Estimated read time: 4-5 minutes
This archived news story is available only for your personal, non-commercial use. Information in the story may be outdated or superseded by additional information. Reading or replaying the story in its archived form does not constitute a republication of the story.
Once upon a time ... you were sitting at home on Friday night with no plans, an empty Netflix queue and a few bored and mischievous teenagers. Instead of trekking to the nearest Redbox for some drab entertainment, spending a small fortune on 30 minutes of miniature golf, or two hours in a crowded movie theater, why not take things to a more literary level?
After all, reading together as a family provides more benefits than killing time on a Friday night; according to the National Education Association, children who do more reading at home are better readers and even score better on standardized math tests.
But if your library isn’t exactly stocked with new material, don’t despair; interesting and wildly entertaining short stories that appeal to both you and your teenage kids are just a few clicks away. Check out some that are sure to become family favorites.
“Stay for the Pie”
There’s nothing like sitting around a fire pit or cozying up in the family room to read a subtly suspenseful thriller together. This smartly written, intriguing story is the perfect centerpiece for just an evening. You’ll meet Elsa Bjerkstad, who happens to receive a stranger in her small-town cafeteria the same night a murder is committed in the area. Elsa’s deliciously famous plum pie and the stranger’s dark secrets culminate in this snappy, clever and surprising narrative by Kelly Barnhill. The does story contains some references to drug use, so it may be unsuitable for younger teens. Read the full story here.
“My Father’s Robe”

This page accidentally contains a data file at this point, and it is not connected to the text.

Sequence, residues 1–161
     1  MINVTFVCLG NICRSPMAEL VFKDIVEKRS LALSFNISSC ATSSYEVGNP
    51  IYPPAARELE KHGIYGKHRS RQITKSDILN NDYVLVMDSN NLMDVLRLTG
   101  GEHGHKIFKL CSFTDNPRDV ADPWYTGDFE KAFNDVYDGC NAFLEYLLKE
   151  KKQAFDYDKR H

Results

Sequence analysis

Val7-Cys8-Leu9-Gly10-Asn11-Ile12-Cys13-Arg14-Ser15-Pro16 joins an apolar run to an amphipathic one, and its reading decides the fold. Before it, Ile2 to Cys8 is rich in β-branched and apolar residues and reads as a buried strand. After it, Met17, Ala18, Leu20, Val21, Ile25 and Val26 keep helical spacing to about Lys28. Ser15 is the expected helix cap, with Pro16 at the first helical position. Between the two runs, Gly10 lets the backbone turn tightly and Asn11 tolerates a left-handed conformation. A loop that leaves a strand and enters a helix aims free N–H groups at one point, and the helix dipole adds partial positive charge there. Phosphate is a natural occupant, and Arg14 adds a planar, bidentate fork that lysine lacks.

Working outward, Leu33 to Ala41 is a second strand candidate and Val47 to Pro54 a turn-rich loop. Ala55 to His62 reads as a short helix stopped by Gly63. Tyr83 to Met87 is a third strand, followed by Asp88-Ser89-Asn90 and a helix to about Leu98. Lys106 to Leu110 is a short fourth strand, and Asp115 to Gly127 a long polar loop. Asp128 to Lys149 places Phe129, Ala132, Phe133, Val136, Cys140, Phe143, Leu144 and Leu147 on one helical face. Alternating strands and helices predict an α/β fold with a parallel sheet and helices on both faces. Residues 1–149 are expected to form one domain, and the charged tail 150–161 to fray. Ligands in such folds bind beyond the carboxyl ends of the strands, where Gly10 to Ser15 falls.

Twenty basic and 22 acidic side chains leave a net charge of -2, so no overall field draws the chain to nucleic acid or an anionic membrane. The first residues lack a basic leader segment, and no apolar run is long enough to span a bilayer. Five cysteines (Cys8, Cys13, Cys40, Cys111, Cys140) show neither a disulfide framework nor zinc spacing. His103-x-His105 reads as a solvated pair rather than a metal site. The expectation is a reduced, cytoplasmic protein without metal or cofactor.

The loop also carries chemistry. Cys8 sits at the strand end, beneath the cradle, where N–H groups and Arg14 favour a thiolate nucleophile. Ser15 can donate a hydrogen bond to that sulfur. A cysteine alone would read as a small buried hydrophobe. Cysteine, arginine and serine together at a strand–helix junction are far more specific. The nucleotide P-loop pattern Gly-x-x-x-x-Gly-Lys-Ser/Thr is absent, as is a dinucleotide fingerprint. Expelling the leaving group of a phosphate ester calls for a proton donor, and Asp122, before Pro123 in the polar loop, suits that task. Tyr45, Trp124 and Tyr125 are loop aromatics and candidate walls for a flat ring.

Award-winning playwright Evan Guilford-Blake penned this touching story about time and family. Even if your family cannot relate to the pain of witnessing a family member struggling with health problems, you can sympathize with narrator Allen and his family as they take their mother to hospice care, knowing that this move signals the end of her mortal life. Allen’s memories of his mother and the simple relic of his father’s old robe will tug anyone’s heartstrings. Read the full story here.
“A Glass of Emeralds”
A chance meeting or seemingly insignificant event can often be the very thing that changes a life. In Edward McDermott’s “A Glass of Emeralds,” a sailor’s stormy night at sea is just such an occasion, as he happens upon a stranger adrift. But the stranger, who is mortally wounded, has a shocking tale to tell. Now the sailor has a decision to make — one that could lead him to wealth beyond his dreams, or straight into death. This story does contain one instance of profanity. Read the full story here.
“Right and Almost Right”
Any writer knows that creativity doesn’t flow without inspiration. That inspiration, as Conor Powers-Smith so deftly describes in this short story, can be both a blessing and a curse to the writer, who becomes its slave. Family members who are budding writers will be especially entranced by this beautifully written and captivating narrative. Read the full story here.
Captivity comes in many forms, as Dr. Conlon, a psychologist, and his patient, Roger, both realize through this smart, dialogue-heavy narrative by Eugene Schacht. As Roger recounts mysterious events of his past, Dr. Conlon struggles to make the pieces fit together, and in doing so learns a bit about himself and his own captivity to the past. Read the full story here.
To see more short stories or to submit an entry of your own, visit wisdomcriethwithout.com.